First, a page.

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Abstract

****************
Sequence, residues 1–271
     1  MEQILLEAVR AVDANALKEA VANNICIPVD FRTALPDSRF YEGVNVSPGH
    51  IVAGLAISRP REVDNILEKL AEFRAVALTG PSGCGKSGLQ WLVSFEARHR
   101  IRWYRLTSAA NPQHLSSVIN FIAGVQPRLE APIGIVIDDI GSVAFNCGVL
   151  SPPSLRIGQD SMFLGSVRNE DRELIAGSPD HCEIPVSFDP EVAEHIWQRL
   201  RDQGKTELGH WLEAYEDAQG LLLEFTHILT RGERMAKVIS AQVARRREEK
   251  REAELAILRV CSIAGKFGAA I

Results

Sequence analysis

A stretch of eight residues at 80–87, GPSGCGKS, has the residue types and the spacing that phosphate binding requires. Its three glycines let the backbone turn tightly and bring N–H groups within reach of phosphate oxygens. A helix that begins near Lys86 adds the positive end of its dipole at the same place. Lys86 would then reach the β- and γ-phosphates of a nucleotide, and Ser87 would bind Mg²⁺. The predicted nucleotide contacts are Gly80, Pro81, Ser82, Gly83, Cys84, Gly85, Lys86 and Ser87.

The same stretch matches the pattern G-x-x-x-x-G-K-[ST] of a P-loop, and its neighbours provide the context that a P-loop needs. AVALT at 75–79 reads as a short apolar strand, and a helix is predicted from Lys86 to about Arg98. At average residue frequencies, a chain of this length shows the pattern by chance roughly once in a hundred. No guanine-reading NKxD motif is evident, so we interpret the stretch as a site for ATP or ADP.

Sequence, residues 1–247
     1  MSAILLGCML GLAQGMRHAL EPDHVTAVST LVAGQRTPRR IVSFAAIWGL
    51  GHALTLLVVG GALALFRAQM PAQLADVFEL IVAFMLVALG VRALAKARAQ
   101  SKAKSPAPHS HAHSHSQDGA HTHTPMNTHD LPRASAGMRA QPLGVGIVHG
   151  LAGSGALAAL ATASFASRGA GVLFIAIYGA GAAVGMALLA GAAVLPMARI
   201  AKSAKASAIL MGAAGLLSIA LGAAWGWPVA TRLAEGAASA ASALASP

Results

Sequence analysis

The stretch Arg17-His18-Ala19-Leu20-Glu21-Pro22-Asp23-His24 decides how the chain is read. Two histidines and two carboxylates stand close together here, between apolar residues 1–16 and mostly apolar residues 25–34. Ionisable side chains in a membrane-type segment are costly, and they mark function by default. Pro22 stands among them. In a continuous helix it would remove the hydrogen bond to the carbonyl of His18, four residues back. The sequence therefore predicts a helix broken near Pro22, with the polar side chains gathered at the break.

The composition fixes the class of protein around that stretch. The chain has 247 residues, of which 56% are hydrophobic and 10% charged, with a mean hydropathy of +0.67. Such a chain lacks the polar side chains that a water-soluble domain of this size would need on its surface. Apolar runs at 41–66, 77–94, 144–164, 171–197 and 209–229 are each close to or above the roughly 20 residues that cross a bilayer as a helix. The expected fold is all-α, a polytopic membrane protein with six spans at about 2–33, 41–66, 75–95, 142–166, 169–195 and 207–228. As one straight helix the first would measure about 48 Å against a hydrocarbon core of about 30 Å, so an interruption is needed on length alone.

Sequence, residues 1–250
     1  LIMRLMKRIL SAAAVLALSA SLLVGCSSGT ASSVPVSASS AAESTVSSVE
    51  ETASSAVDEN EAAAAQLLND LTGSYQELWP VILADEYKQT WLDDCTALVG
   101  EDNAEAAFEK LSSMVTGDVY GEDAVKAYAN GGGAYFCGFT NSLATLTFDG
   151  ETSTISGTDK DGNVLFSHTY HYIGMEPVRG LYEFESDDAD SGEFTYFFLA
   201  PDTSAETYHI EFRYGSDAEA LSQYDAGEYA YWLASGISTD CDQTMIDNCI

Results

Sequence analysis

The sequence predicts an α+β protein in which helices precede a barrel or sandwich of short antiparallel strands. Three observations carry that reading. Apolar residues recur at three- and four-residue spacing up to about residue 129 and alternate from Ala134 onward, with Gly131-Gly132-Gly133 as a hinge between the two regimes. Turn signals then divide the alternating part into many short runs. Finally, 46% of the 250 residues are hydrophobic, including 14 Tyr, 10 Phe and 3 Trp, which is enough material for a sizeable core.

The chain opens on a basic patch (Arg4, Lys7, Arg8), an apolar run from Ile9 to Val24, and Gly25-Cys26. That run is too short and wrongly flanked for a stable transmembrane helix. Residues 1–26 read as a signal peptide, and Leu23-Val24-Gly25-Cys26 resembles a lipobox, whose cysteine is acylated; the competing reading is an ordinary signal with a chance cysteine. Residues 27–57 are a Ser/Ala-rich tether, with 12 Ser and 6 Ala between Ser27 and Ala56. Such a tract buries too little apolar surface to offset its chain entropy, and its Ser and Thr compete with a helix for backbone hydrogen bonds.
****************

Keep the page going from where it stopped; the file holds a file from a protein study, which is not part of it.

Economic development via firm birth has recently been an important topic for many state governments. However, ways in which state governments can influence firm births are not obvious, and their efficiency in fostering firm births in comparison to their peers is even less so. Focusing on the birth of small firms in the contiguous US, regression analysis and non-parametric efficiency testing are employed to determine both the expenditures state governments can target to indirectly promote small firm birth and their relative efficiency in utilizing these expenditures. The regression results reveal three significant expenditure inputs and one significant controlling factor in determining firm birth, while the efficiency tests regarding states' use of these expenditure inputs give insight as to how they compare to their peers in terms of efficient target expenditure use.

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